The Familiar Demons
(Virginia Woolf 1881 - 1941)
There is a crow—or the oiled shadow
of a crow thrown up against the garden gate,
& the metallic gasp of the latch closing
just a breath short of her fluttering skirt.
There is the clean, sun-warmed-fruit scent
of her skin which floats in the almost imperceptible
breeze of her wake & thirteen diminutive moons
strung through with gold which light the open
question of her unbuttoned collar. In her belly,
like fanned cinders, a small ache begins to grow
as she moves across the water-meadows, under branches
where fragile vespiaries hang like faerie lamps
from which the fire has been plundered. The taste
in her mouth is blank pages, ash, the sour burn
of despair which drives her to the river’s dark lip
where she will begin to live through what she will
never live through. Seven stones, seven shy graces
she gathers from the silt & razor grass, her silhouette
already neck-deep in rising tide as she buries
their heft in the lush pockets of her fur coat
which is the color of brandy in firelight.
What worth is a life, she reasons, where the arguments
for tomorrow come stillborn? Where the body remembers
being broken & broken, as a bottle pounded by surf
is shattered into tiny galaxies, a dangerous beauty
like an iron maiden whose golden form belies
the tearing blades inside. The familiar demons have
stirred from their sulphured sleep. Demon of Doubt
in her tattered gown. Black Demon of Madness.
Demon of War stumbling through London’s ruined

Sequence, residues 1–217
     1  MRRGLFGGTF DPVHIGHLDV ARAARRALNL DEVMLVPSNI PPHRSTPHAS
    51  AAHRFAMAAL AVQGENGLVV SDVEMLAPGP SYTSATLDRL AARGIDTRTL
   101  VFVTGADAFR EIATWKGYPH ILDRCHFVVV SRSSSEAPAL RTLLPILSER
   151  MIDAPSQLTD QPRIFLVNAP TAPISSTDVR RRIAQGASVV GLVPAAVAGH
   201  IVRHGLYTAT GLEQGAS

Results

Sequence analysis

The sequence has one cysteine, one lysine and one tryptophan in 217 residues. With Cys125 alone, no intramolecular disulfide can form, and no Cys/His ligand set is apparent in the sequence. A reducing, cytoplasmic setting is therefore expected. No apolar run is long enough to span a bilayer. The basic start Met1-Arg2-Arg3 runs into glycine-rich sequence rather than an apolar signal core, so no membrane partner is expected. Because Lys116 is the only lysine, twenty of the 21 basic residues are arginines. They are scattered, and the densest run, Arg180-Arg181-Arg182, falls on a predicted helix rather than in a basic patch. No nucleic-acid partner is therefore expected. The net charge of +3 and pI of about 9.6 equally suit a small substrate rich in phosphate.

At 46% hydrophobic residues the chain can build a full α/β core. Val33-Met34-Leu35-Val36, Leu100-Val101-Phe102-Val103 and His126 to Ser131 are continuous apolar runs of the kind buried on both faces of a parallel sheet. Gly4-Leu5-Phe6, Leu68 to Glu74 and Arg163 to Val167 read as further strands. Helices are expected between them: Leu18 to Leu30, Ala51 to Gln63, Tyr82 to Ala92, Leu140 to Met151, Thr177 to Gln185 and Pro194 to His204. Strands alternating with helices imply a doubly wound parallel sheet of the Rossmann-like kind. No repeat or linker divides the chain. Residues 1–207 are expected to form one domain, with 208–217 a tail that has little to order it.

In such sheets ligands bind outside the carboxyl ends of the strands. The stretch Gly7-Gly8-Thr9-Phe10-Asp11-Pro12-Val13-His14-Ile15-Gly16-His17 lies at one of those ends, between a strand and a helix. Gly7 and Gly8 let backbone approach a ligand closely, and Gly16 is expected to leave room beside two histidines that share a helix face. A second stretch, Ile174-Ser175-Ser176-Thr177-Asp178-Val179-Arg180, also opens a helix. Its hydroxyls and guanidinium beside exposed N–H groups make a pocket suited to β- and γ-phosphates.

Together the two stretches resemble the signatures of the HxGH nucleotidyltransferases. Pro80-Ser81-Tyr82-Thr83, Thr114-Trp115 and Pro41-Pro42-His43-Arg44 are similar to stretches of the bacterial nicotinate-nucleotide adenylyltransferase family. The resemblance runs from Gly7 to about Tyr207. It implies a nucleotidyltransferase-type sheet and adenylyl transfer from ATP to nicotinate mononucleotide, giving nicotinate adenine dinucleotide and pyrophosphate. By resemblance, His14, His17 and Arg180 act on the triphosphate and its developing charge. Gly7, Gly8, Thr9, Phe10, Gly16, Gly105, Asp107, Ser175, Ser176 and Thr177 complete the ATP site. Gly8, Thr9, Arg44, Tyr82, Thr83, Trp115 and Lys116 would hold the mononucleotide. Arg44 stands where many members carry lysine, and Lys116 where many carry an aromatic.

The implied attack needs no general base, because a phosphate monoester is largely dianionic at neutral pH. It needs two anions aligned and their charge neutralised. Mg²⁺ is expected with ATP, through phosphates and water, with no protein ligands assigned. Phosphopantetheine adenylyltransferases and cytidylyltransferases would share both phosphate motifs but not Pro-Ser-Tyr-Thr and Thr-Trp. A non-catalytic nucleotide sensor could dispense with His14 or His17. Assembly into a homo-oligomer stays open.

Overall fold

streets. Twin Demons of 1904 & 1913 holding
out their handfuls of summer sky & Veronal.
Better then, to let water bracelet each
pale ankle, delicate wrist, the heartbreaking
cygnet throat, to surrender to the mouths
of eel & gray mullet until each bone becomes
a distant star’s reflection. Strange comfort
in the embrace—chill but amniotic.
The deep thunder of a great bell tolling
rushes in her ears as she takes the first
terrible breath beneath the river’s scarred
surface. She is only a little afraid
as her teeth clamp fast against her tongue,
salt warmth washing her throat. She cannot
stop breathing, sinking, watching noon’s light
recede to a small coin, a pinpoint—then out.
Days later, cool rain & rising tide will unstitch
each print her feet embroidered along the muddy
bank, though all those singing, silver needles
will be unable to touch her as she drifts
below, hair bound by long grass & dead wood,
her blue hands waving a silent benediction over
each sagging pocket, each stone resting within--
that sweet weight which tugs back at the moon.